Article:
Trojans share ways to celebrate AAPI heritage year-round
USC wraps up a month of on-campus events as the national observation of Asian American and Pacific Islander Heritage Month begins.
USCs lineup of Asian American and Pacific Islander Heritage Month events officially concluded on Monday with a video send-off encouraging Trojans to keep finding ways to honor and learn about the contributions and influence of AAPI people to the history, culture and achievements of the United States.
Catherine Liang, a 2021 graduate of the USC Marshall School of Business and the current Miss California, urged Trojans to be authentically audacious in fearlessly celebrating the AAPI community and advocating for it.
Celebrate our culture, our food, our music and our way of life, she said. [Be] audacious by creating space and speaking up for those who dont have a voice, especially in the face of bigotry.
Liang was among the USC students, faculty, staff and alumni who took part in the send-off video presented by USCs Asian Pacific American Student Services (APASS) which streamed on the day national observation of AAPI Heritage Month began. The month is celebrated in April at USC while all students are still on campus before commencement and summer break.
Liang said that as the Miss America organizations Miss California, she has had an opportunity and feels a responsibility to celebrate AAPI culture with courage. She shared that while growing up in Sonoma County, she felt different from classmates because of her Asian heritage and that it wasnt until I stepped onto the USC campus that I really had the opportunity to reconnect with my heritage.
According to the most recent enrollment figures, 24% of USCs undergraduate students and more than 16% of its graduate and professional students identify as AAPI.
USC AAPI Heritage Month celebration: Stubborn joy
American studies and ethnicity Assistant Professor Adrian De Leon of the USC Dornsife College of Letters, Arts and Sciences pointed out that AAPI Heritage Month celebrations in recent years have come after an increase in anti-Asian violence and other difficulties related to the COVID-19 pandemic.
This month is nonetheless a celebration a moment of stubborn joy, he said.
De Leon added that its important to remember the roots of why this month is observed in the first place, and that we continue to act in the service of those histories in order to build a more equitable future for everybody here.
Telling your stories at USC AAPI Heritage Month celebration
Actor Derek Mio a 2004 graduate of the USC School of Cinematic Arts also spoke. Mio is best known for his regular and recurring roles on the TV programs The Terror, Spooked and Greek. He returned to USC to film his uplifting AAPI Heritage Month video in the middle of campus.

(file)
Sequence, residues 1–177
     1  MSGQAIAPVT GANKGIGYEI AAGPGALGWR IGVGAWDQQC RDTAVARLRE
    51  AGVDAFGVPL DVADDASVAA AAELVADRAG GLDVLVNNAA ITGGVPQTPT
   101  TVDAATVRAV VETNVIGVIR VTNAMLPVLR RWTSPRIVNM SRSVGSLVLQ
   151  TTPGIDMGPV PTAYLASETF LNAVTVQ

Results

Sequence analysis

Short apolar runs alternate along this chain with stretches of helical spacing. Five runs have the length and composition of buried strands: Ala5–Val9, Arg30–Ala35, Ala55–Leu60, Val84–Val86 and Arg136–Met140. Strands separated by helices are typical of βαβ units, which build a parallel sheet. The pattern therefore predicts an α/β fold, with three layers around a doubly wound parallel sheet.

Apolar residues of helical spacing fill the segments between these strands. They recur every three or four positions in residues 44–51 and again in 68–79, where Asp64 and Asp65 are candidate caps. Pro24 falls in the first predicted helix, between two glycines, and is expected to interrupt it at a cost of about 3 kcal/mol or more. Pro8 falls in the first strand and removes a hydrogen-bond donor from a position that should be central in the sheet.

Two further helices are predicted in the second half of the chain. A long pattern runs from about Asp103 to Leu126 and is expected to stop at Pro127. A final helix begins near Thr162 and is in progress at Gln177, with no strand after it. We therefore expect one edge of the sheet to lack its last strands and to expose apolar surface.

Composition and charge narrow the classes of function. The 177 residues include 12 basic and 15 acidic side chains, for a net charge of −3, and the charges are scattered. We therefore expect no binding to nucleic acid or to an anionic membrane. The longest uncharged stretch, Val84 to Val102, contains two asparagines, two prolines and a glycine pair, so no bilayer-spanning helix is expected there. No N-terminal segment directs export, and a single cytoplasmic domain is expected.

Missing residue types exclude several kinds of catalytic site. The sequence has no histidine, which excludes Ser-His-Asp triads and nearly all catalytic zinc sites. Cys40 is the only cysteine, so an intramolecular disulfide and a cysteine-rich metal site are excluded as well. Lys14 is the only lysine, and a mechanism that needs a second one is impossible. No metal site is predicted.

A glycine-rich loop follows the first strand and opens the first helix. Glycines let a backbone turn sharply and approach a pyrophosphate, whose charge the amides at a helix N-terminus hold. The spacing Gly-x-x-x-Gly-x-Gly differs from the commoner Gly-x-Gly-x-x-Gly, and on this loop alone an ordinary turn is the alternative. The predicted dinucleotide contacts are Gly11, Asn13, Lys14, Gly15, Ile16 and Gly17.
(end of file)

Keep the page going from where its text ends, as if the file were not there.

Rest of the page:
Mio encouraged Trojans to lean into your culture and draw strength from it and tell stories about it. He also thanked the AAPI trailblazers who paved the way for greater representation.
Were seeing a lot more people that look like us in the mainstream and hearing more stories similar to ours, he said. But that didnt come without a lot of hard work and dedication by those who came before us.
Divya Jakatdar a junior at USC Dornsife and president of USCs Undergraduate Student Government urged everyone to keep the AAPI celebration going: It is crucial to uplift and celebrate AAPI voices throughout the year, and not just during the month of May.
APASS suggested the following ways Trojans can continue supporting and celebrating the AAPI community:
- Visit Asian Pacific American Student Services, a home away from home for AAPI students, in Room 410 of the Gwynn Wilson Student Union building on the University Park Campus.
- Join one of the many AAPI student organizations through the Asian Pacific American Student Assembly.
- Join the USC Asian Pacific Alumni Association, to connect with alums and stay engaged with the Trojan community.
- Learn about AAPI history at USC by visiting the house of the Ahn family, the first Koreans to legally immigrate to the U.S. The Ahn Family House home to USC Dornsifes Korean Studies Institute is at 809 W. 34th St. just off Trousdale Parkway on the University Park Campus.
- Join the Asian Pacific Islander Faculty and Staff Association to connect with other AAPI faculty and staff on campus.
- Visit the Nisei rock garden, dedicated to USCs Nisei students who were barred from returning to the university to complete their education after the end of World War II. The garden is near the north end of Trousdale Parkway beside the USC Amy King Dundon-Berchtold University Club at King Stoops Hall.
- Visit the USC Pacific Asia Museum in Pasadena to see various exhibitions on display.
- Tour the USC East Asian Studies Center, a USC Dornsife center formed in 1960 that is dedicated to East Asian history, at 3454 Trousdale Parkway.
- Read elevASIAN, USC Annenberg Medias first Asian American vertical written and edited by students.